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Source: BMW Group Munich. Electromobility from BMW i is conquering the third dimension. As part of #NEXTGen 2020, the BMW Group is presenting the first electric drive for a wingsuit, with which the centuries-old human dream of flying can be realized in a completely new way. The innovative drive module and the completely redesigned wing suit were created in cooperation between BMW i and Designworks with the professional wingsuit pilot Peter Salzmann from Austria. His premiere flight with the Electrified Wingsuit by BMW i was captured in an elaborately staged video documentation. The spectacular film, which will be shown for the first time in the run-up to #NEXTGen 2020, shows in an impressive way how BMW eDrive technology is able to change the individual mobility experience not only on the road BMW Group on how the company is driving change in the global automotive industry in a variety of ways. Initiatives and engagements are presented in which a close exchange with initiators from other areas of society leads to new perspectives. In addition, the BMW Group will present the latest product innovations as well as technology developments and vehicle concepts for the future of individual mobility, with a focus on the field of electromobility, in which the BMW Group, with its development and manufacturing know-how and the largest selection of models with electrified Drive is one of the world’s leading providers. Since the market launch of the all-electric BMW i3 (combined fuel consumption: 0.0 l / 100 km; combined power consumption: 13.1 kWh / 100 km; combined CO2 emissions: 0 g / km) in 2013, the components electric motor, power electronics , Charging technology and high-voltage storage are continuously developed. The new BMW iX3 (combined fuel consumption: 0.0 l / 100 km; combined power consumption: 17.8 – 17.5 kWh / 100 km; combined CO2 emissions: 0 g / km) is the fifth generation of BMW eDrive technology It is used, which is characterized by an optimized energy efficiency and power density as well as a particularly compact construction. Compact drive, optimized design, unique flight experience. Now the many years of experience and the development competence concentrated at the BMW i brand in the areas of electric drive and battery technology have been completely new species used. The result was an extremely powerful, yet compact and lightweight drive and energy storage package for a unique flight experience with the Electrified Wingsuit by BMW i. Two coated carbon propellers, the so-called impellers, each with an output of 7.5 kW, a speed of around 25,000 rpm and a total output of 15 kW that can be accessed for around five minutes form the fly unit of the Electrified Wingsuit by BMW i . The drive unit and the specially developed wingsuit were designed in cooperation between Peter Salzmann and a creative team from Designworks. The subsidiary of the BMW Group has strongly shaped the design of the BMW i brand from the start and uses its creative skills not only in the automotive sector, but also on behalf of numerous international customers from other branches of industry. From the idea of ​​a wingsuit flight with electric extra Boost until the premiere in the Austrian Alps passed around three years, during which the aviation pioneer Peter Salzmann and his partners at BMW i and Designworks worked together on the details of the suit and drive. The electric double propeller drive including energy storage was precisely integrated into the front of the wingsuit. An important part of the development program for the project were the tests in the wind tunnel of the BMW Group’s aerodynamic test center in Munich: jumping out of the helicopter, flying with BMW eDrive technology, landing by parachute. The Electrified Wingsuit by BMW i project was triggered by Peter Salzmann’s efforts to take the wingsuit sport to a new level. The 33-year-old Austrian is a skydiving trainer and has also made base jumping and wingsuit flying his profession. In addition to jumping training, his repertoire also includes film stunts and shows. When he jumps from rocky peaks or from airplanes, Salzmann uses the textile layer of his wingsuit stretched between arms and legs as a paraglider, which makes it possible to generate a horizontal flight movement from the falling speed and the air flow. With every meter of descent, up to three meters of level flight can be achieved. Wingsuit pilots reach speeds of more than 100 km / h. The aim of the electric drive is to increase the performance of wingsuits in order to achieve better constant gliding and thus be able to cover longer distances. When activated, describes Salzmann, the pilot experiences an immediate acceleration and can fly at speeds of more than 300 km / h. For the premiere flight with the Electrified Wingsuit by BMW i, Salzmann and two other wingsuit pilots were transported by helicopter over the mountain peaks of his Austrian homeland. Immediately after jumping from a height of 3,000 meters, all three flew in formation in the direction of a mountain range. With the help of the electric drive, Salzmann accelerated faster than his companions and was then able to climb over the summit, only to meet the other two pilots again after a wide curve, who had glided around the mountain. The three wingsuit pilots then opened their parachutes and landed at the agreed destination.After the successful start, Peter Salzmann and the experts from BMW i and Designworks will continue their development work on the world’s first electrically powered wingsuit. The Austrian is firmly convinced that the future belongs to the electric drive not only on the road, but also in the air. For him, the Electrified Wingsuit by BMW i project is perfect evidence of the previously undreamed-of possibilities that can become reality with the help of electromobility. Https:// tl = grp-opre-ngpc-brnd-mn -.-.-.-.-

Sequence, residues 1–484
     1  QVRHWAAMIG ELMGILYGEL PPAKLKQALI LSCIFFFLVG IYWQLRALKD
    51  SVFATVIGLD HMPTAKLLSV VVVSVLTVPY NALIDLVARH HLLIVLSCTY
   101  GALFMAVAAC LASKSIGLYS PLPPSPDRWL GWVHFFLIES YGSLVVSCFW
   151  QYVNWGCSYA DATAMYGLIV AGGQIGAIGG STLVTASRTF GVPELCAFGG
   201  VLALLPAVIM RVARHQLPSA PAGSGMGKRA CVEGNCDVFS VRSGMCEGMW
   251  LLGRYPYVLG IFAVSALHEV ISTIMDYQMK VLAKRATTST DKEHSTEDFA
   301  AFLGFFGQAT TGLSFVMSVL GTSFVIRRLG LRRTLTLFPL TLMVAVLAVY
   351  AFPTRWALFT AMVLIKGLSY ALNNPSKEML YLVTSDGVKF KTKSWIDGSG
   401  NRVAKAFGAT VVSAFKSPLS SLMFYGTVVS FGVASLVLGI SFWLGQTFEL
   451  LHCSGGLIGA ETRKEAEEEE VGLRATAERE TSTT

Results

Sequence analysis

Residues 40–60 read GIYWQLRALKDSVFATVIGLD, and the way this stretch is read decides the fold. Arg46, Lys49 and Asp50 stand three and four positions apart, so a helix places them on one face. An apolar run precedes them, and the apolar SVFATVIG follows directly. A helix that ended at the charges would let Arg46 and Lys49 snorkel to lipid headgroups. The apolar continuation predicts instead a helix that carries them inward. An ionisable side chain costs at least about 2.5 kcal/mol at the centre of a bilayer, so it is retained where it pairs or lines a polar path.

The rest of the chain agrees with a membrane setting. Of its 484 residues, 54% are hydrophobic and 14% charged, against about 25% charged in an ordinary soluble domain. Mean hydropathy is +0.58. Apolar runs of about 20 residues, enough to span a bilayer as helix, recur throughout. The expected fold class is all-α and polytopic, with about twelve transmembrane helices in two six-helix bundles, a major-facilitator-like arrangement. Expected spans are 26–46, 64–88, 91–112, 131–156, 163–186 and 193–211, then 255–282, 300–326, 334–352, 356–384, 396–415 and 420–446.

BMW i3 combined fuel consumption: 0.0 l / 100 km; Combined power consumption: 13.1 kWh / 100 km; Combined CO2 emissions: 0 g / km. BMW iX3 Combined fuel consumption: 0.0 l / 100 km; Combined power consumption: 17.8 – 17.5 kWh / 100 km; Combined CO2 emissions: 0 g / km.